2007 McCloskey J, Antonioli A, Piatanesi A, Sieh K, Steacy S, Nalbant SS, et al., 'Near-field propagation of tsunamis from megathrust earthquakes', Geophysical Research Letters, 34 (2007)

We investigate controls on tsunami generation and propagation in the near-field of great megathrust earthquakes using a series of numerical simulations of subduction and tsunamige... [more]

We investigate controls on tsunami generation and propagation in the near-field of great megathrust earthquakes using a series of numerical simulations of subduction and tsunamigenesis on the Sumatran forearc. The Sunda megathrust here is advanced in its seismic cycle and may be ready for another great earthquake. We calculate the seafloor displacements and tsunami wave heights for about 100 complex earthquake ruptures whose synthesis was informed by reference to geodetic and stress accumulation studies. Remarkably, results show that, for any near-field location: (1) the timing of tsunami inundation is independent of slip-distribution on the earthquake or even of its magnitude, and (2) the maximum wave height is directly proportional to the vertical coseismic displacement experienced at that location. Both observations are explained by the dominance of long wavelength crustal flexure in near-field tsunamigenesis. The results show, for the first time, that a single estimate of vertical coseismic displacement might provide a reliable short-term forecast of the maximum height of tsunami waves. Copyright 2007 by the American Geophysical Union.

DOI 10.1029/2007GL030494
Citations Scopus - 17Web of Science - 18
2007 Hetherington A, Steacy S, 'Fault heterogeneity and earthquake scaling', Geophysical Research Letters, 34 (2007)

There is an on-going debate in the seismological community as to whether stress drop is independent of earthquake size and this has important implications for earthquake physics. ... [more]

There is an on-going debate in the seismological community as to whether stress drop is independent of earthquake size and this has important implications for earthquake physics. Here we investigate this question in a simple 2D cellular automaton that includes heterogeneity. We find that when the range of heterogeneity is low, the scaling approaches that of constant stress drop. However, clear deviations from the constant stress drop model are observed when the range of heterogeneity is large. Further, fractal distributions of strength show more significant departures from constant scaling than do random ones. Additionally, sub-sampling the data over limited magnitude ranges can give the appearance of constant stress drop even when the entire data set does not support this. Our results suggest that deviations from constant earthquake scaling are real and reflect the heterogeneity of natural fault zones, but may not provide much information about the physics of earthquakes. Copyright 2007 by the American Geophysical Union.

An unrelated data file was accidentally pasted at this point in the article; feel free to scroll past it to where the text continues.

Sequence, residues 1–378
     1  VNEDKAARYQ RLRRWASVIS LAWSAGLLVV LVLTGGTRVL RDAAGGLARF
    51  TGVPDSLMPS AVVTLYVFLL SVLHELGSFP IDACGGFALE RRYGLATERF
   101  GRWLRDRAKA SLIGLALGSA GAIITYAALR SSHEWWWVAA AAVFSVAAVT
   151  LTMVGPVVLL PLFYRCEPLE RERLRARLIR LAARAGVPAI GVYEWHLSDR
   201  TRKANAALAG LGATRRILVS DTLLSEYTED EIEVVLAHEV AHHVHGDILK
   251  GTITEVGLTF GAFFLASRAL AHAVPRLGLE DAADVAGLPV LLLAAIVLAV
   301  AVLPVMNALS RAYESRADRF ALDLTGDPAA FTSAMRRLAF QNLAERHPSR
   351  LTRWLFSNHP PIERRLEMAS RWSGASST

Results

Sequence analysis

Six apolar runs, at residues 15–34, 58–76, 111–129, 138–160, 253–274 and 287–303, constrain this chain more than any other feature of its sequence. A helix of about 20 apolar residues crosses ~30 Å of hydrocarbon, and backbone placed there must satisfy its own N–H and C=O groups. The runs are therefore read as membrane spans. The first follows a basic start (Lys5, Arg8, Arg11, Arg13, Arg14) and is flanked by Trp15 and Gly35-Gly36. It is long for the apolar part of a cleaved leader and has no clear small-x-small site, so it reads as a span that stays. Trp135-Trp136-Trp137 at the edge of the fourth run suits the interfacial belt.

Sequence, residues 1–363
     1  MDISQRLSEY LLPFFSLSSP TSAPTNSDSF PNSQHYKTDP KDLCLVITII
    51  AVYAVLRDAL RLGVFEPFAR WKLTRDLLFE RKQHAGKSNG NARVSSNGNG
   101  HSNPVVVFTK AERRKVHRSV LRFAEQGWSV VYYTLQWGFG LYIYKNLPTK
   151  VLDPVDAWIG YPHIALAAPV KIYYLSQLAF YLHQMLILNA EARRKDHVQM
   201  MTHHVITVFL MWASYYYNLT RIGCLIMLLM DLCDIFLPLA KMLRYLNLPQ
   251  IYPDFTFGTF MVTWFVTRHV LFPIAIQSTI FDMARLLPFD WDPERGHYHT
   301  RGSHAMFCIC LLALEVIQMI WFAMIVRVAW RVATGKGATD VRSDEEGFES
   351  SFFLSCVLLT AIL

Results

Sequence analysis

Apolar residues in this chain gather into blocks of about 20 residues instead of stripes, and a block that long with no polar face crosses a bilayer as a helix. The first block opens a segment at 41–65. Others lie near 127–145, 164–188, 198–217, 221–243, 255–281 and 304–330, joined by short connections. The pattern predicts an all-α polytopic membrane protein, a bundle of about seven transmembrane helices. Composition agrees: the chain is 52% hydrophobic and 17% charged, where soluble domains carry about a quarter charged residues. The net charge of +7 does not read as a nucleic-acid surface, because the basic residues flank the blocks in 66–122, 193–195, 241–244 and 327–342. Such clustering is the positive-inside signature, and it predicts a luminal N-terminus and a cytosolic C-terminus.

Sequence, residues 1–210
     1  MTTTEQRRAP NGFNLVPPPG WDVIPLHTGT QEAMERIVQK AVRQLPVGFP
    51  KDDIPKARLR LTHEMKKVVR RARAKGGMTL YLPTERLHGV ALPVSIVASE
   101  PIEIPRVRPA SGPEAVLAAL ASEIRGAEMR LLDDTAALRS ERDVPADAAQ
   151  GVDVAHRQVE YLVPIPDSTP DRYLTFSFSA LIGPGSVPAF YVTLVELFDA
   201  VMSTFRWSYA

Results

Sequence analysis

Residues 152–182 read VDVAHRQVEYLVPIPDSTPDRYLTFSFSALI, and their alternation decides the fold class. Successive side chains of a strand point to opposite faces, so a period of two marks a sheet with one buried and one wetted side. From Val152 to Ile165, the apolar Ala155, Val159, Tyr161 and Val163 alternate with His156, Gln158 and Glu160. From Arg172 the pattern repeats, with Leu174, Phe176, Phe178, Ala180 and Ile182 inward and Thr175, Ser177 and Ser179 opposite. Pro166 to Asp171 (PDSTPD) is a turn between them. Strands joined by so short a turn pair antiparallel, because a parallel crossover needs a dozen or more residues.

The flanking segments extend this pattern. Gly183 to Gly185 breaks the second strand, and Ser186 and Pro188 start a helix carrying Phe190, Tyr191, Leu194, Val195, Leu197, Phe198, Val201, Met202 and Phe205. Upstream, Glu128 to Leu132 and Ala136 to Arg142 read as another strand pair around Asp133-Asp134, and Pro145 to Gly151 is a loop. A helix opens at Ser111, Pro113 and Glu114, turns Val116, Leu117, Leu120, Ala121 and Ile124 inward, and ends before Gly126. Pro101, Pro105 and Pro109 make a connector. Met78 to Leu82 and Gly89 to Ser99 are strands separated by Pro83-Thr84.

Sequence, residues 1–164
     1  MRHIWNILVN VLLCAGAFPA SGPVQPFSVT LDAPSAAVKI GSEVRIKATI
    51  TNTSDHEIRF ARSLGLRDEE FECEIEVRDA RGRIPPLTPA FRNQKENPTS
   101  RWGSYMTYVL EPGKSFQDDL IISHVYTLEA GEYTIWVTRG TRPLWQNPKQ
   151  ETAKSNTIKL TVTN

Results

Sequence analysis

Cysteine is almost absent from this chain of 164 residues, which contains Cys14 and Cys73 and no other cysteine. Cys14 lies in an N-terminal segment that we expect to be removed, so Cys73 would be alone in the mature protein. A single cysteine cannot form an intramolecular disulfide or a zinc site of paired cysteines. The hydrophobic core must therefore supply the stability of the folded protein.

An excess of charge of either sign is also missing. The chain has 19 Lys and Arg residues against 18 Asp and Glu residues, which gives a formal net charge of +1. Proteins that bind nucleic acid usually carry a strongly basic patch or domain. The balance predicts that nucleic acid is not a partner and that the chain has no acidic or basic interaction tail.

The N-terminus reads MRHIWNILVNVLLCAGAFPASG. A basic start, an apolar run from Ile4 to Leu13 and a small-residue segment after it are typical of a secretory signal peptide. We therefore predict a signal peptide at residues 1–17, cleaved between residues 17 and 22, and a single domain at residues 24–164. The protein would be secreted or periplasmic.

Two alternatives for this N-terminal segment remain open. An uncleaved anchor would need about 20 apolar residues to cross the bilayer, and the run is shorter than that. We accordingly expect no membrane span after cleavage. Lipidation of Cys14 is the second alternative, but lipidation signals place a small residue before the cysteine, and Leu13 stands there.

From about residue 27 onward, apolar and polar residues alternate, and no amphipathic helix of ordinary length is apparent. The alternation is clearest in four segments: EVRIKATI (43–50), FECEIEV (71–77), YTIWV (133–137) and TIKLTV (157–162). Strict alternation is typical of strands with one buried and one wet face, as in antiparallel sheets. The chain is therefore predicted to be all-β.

DOI 10.1029/2007GL030365
Citations Scopus - 2Web of Science - 2
2006 Nalbant SS, Steacy S, Mccloskey J, 'Stress transfer relations among the earthquakes that occurred in Kerman province, southern Iran since 1981', Geophysical Journal International, 167 309-318 (2006)

We explore the possible stress triggering relationship of the M = 6.4 earthquakes that occurred in Kerman Province, southern Iran since 1981. We calculated stress changes due to b... [more]

We explore the possible stress triggering relationship of the M = 6.4 earthquakes that occurred in Kerman Province, southern Iran since 1981. We calculated stress changes due to both coseismic sudden movement in the upper crust and the time-dependent viscous relaxation of the lower crust and/or upper mantle following the event. Four events of M = 6.4 occurred between 1981 and 2005, on and close to the Gowk fault, show a clear Coulomb stress load to failure relationship. The 2003 M = 6.5 Bam earthquake, however, which occurred approximately 95 km SW of the closest Gowk event, shows a very weak stress relation to preceding earthquakes. The coseismic static stress change at the hypocentre of the Bam earthquake is quite small (~0.006 bars). The time-dependent post-seismic stress change could be 26 times larger or 7 times lower than that of coseismic static stress alone depending on the choice of viscoelastic crustal model and the effective coefficient of friction. Given the uncertainties in the viscoelastic earth models and the effective coefficient of friction, we cannot confidently conclude that the 2003 Bam event was brought closer to failure through coseismic or post-seismic stress loading. Interestingly, the southern Gowk segment with a similar strike to that of the Bam fault, experienced a stress load of up to 8.3 bars between 1981 and 2003, and is yet to have a damaging earthquake. © 2006 The Authors Journal compilation © 2006 RAS.